The Role of Surface Drag in Supercell Tornadogenesis and Mesocyclogenesis: Studies based on Idealized Numerical Simulations
Idealized numerical simulations of supercell thunderstorms have been employed for decades to study tornadogenesis, providing valuable insights that have helped shape our current understanding of the process. Until the past several years, however, most of these simulations used a free-slip lower boundary condition, effectively disregarding the effects of surface drag. In this study, 50-m idealized simulations of a supercell are performed with parameterized surface drag, and the dynamics of low-level mesocyclogenesis and tornadogenesis are analyzed.
First, a pair of experiments is performed to identify mechanisms by which drag affects storm behavior. In the first experiment (full-wind drag), surface drag is applied to the full wind components; in the second experiment (environmental drag), drag is applied only to the background environmental wind, with storm-induced perturbations unaffected. In the full-wind drag experiment, a tornado develops around 25 min into the simulation and persists for more than 10 min; in the environmental drag experiment, no tornado occurs. An important mechanism leading to tornadogenesis in the full-wind drag experiment is the generation of near-ground crosswise horizontal vorticity by drag on the storm scale as inflow air accelerates into the low-level mesocyclone; this vorticity is subsequently exchanged into the streamwise direction and eventually tilted into the vertical. Preceding tornadogenesis, the low-level mesocyclone in the full-wind drag experiment also intensifies and lowers rapidly toward the ground, which does not occur in the environmental drag experiment. Circulation budgets for material circuits enclosing the low-level mesocyclone reveal substantial generation of new circulation by surface drag in the full-wind drag experiment, while the mesocyclone circulation in the environmental-drag experiment is primarily barotropic in origin.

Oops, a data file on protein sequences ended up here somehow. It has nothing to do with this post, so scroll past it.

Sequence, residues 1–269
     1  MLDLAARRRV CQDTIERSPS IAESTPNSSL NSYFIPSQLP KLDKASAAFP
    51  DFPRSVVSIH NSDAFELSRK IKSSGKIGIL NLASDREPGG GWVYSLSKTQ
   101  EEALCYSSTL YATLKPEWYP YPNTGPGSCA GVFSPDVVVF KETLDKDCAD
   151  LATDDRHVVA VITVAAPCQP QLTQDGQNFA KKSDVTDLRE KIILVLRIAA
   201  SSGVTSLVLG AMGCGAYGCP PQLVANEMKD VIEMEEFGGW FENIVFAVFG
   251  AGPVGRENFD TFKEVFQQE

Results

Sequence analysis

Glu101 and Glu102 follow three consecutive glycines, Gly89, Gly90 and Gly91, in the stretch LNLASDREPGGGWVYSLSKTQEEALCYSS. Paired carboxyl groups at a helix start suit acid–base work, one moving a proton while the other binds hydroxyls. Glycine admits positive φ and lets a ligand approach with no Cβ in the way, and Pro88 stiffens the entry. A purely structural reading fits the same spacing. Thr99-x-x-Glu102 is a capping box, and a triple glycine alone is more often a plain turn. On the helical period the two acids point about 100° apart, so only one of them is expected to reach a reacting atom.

A second set of experiments is performed in which the drag coefficient (Cd) is varied over a range of values appropriate for water and land. The initial low-level mesocyclone undergoes earlier and stronger intensification as Cd increases until the final experiment (Cd = 0.05), in which low-level convergence beneath the main updraft is weakened substantially by drag. Circulation budgets for the initial low-level mesocyclone and tornado suggest the storm-scale generation of vorticity by surface drag is more important as Cd increases. Later in the simulations, after precipitation-driven outflow encloses much of the near-ground mesocyclone, tornadoes in experiments with large Cd tend to be weaker and shorter-lived than those in experiments with small Cd.